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Postnasal drip is extra mucus felt in the back of the nose and throat caused by the glands in these areas. People with postnasal drip usually feel they have to clear their throat more than normal.

The excess mucus can also cause some other symptoms.

There are many home remedies to treat postnasal drip, though sometimes a visit to the doctor is necessary.

Woman at desk in office holding her throat with a pained expression.
Postnasal drip is when the sensation of mucus buildup at the back of the throat causes discomfort.

The nose, throat, and sinuses are all constantly producing mucus. Mucus is a thick and slippery substance that helps to keep the airways from drying out throughout the day.

The air people breathe is full of germs, pollen, and other environmental pollutants. When the air enters the body, these particles can create problems if they are not filtered out. It is the job of mucus to trap these foreign bodies and help eliminate them.

Mucus usually goes unnoticed. It harmlessly mixes with saliva throughout the day and is swallowed or blown from the nose. However, if the body produces too much mucus, it becomes much more noticeable.

When this happens, a person may feel mucus dripping down the back of their throat. This is what is known as postnasal drip.

In addition to the sensation of mucus dripping down the back of the throat, symptoms of postnasal drip include:

  • sore or scratchy throat
  • feelings of nausea caused by extra mucus in the stomach
  • frequently clearing the throat
  • excessive spitting up or swallowing mucus
  • foul breath
  • a cough that gets worse at night

Man sitting outside in park, sneezing and blowing his nose.
Postnasal drip is commonly caused by allergies such as hayfever.

Postnasal drip is usually caused by certain changes in the environment or the body.

One of the most common causes of postnasal drip is an allergy. Seasonal allergies caused by plants releasing their pollen may cause trigger postnasal drip, as the body produces extra mucus to try and eliminate the pollen spores.

Cold weather or dry air can also cause postnasal drip. Breathing cold or dry air may irritate a person’s nose and throat, so their body will create mucus to humidify and warm the passages and ease this irritation.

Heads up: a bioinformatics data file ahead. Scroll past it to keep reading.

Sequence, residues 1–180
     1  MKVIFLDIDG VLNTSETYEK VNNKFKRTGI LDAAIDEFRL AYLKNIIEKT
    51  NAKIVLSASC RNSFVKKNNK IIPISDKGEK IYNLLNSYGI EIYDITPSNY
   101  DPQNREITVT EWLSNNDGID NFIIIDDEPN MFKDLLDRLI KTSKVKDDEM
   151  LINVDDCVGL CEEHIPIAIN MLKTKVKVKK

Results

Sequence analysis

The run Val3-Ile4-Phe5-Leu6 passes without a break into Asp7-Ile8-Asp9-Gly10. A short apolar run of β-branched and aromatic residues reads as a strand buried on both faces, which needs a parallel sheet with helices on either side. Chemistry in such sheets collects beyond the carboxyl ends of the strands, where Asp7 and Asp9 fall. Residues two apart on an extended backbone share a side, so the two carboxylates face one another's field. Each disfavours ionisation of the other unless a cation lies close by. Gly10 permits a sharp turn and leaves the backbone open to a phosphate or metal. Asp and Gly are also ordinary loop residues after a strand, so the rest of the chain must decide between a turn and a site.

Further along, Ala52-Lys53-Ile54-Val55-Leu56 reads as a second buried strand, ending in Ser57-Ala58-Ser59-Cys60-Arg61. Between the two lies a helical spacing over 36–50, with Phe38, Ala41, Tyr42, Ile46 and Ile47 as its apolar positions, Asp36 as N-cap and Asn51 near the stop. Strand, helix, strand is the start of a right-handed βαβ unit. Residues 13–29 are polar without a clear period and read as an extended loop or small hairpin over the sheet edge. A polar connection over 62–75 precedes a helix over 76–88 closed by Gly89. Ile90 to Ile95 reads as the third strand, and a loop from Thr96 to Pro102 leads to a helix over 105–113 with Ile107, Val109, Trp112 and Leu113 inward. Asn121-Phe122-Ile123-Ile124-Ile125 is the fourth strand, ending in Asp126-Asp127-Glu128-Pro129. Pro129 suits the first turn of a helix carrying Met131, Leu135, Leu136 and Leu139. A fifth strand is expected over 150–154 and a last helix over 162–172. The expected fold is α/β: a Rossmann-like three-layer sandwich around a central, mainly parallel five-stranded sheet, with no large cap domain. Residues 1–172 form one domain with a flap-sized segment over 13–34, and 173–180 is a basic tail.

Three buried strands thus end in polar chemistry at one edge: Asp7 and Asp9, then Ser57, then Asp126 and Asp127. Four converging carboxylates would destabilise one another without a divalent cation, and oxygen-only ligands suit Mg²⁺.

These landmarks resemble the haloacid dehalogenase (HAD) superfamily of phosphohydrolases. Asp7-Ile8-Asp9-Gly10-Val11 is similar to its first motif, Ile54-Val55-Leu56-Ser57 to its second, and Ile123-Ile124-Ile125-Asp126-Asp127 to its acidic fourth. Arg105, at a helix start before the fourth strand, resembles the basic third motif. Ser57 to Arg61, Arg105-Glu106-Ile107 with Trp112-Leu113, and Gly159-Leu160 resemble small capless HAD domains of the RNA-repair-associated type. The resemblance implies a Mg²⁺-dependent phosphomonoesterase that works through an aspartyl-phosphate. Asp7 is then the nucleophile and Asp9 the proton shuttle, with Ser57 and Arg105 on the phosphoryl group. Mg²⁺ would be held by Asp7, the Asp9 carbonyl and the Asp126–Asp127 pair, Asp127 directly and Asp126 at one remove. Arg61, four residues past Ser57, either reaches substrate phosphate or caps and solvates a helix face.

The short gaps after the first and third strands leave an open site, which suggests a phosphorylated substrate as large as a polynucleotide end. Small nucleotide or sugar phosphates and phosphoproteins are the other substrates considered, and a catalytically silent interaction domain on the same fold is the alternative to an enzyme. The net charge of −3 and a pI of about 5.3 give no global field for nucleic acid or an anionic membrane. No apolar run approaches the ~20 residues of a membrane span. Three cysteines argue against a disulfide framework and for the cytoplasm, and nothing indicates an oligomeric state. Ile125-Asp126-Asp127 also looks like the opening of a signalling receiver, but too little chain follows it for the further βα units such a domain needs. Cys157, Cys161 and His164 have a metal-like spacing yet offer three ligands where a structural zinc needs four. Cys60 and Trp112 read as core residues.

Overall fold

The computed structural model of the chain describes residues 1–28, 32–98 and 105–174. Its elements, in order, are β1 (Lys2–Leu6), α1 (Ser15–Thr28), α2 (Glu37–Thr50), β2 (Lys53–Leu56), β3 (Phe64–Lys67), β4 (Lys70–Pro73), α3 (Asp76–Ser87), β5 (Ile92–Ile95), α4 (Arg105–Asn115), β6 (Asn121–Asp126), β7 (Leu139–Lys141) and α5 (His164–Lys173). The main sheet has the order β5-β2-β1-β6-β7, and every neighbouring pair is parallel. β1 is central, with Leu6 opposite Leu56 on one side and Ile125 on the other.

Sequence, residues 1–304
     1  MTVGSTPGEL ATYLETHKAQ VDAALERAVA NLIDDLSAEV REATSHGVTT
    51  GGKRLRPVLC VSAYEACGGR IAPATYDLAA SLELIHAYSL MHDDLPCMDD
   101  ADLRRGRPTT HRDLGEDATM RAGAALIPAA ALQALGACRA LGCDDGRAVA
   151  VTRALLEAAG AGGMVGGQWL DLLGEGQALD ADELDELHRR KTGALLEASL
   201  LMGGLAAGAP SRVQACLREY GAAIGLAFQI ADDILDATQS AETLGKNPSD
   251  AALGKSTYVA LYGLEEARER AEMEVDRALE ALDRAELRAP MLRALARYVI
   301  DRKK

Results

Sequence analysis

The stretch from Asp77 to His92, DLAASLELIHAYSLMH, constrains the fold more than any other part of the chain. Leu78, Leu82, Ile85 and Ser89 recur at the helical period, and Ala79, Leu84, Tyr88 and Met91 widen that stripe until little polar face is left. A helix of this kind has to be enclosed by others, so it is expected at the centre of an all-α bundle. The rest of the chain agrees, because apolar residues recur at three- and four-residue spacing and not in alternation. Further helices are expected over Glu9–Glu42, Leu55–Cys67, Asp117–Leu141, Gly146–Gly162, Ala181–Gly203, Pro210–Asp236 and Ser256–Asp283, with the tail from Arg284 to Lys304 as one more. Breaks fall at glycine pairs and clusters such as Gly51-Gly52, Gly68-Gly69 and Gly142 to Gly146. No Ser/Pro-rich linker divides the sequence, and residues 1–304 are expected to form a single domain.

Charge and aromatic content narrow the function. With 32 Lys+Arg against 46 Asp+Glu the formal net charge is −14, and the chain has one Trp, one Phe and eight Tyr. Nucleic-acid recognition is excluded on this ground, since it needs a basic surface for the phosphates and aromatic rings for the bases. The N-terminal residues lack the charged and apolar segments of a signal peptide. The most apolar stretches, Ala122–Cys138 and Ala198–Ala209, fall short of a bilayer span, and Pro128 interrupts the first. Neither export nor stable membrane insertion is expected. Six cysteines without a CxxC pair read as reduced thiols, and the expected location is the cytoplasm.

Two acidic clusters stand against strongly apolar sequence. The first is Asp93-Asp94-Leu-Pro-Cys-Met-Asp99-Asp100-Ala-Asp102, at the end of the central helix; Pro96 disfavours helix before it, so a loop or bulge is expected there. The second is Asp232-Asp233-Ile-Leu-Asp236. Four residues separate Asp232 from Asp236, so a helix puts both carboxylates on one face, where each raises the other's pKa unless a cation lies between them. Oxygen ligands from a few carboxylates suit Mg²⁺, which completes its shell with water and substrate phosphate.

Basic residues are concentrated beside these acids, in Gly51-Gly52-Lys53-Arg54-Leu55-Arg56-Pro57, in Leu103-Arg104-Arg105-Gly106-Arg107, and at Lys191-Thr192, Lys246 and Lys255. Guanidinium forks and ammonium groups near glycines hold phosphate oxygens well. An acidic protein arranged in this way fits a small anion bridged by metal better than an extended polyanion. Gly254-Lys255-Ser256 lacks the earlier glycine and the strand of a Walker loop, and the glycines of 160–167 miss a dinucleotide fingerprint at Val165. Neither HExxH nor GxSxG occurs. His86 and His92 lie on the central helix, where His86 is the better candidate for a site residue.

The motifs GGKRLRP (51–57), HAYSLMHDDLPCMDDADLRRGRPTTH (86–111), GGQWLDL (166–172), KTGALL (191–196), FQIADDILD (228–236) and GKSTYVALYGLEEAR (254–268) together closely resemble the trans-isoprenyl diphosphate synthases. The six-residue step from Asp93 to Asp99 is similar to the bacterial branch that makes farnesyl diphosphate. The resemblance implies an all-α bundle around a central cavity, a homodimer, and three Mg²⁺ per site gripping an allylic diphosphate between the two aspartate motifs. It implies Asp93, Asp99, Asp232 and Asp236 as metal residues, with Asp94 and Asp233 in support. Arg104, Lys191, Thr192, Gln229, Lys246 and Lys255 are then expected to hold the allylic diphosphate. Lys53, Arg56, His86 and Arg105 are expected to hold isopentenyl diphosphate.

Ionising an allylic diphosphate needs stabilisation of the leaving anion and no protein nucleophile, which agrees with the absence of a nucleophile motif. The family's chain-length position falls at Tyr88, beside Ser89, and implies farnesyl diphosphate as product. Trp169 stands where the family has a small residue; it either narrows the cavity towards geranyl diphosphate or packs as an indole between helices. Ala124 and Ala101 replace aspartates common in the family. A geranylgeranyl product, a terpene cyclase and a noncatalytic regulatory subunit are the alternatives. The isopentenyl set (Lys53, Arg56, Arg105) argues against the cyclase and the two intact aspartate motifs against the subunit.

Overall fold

Cold weather is also associated with viral infections, such as the flu, sinus infections, and the common cold. These infections cause many symptoms, including postnasal drip.

The body reacts to any invading germs by creating more mucus to flush them out. It may be uncomfortable, but it is actually the sign of the body working to stay healthy.

Other causes of postnasal drip include:

  • eating overly spicy food
  • pregnancy
  • objects stuck in the nose
  • irritating chemicals from perfumes, cleaning products, or environmental fumes
  • smoke
  • medications, including birth control and blood pressure medications
  • chronic respiratory conditions, such as COPD

A deviated septum, which occurs when the nasal septum (the wall between the nostrils) is crooked or damaged, can make it difficult for the body to drain mucus correctly. This may cause postnasal drip.

Most cases of postnasal drip clear up on their own. However, depending on its cause, complications can arise if postnasal drip is left untreated. There is a chance for infection if germs get in and cause the excess mucus to clog up the sinuses or Eustachian tube, which is the canal that connects the throat to the middle ear.

It is best to treat postnasal drip early to avoid complications, and people should see a doctor for any symptoms that last for more than 10 days.

There are remedies available to treat postnasal drip, including: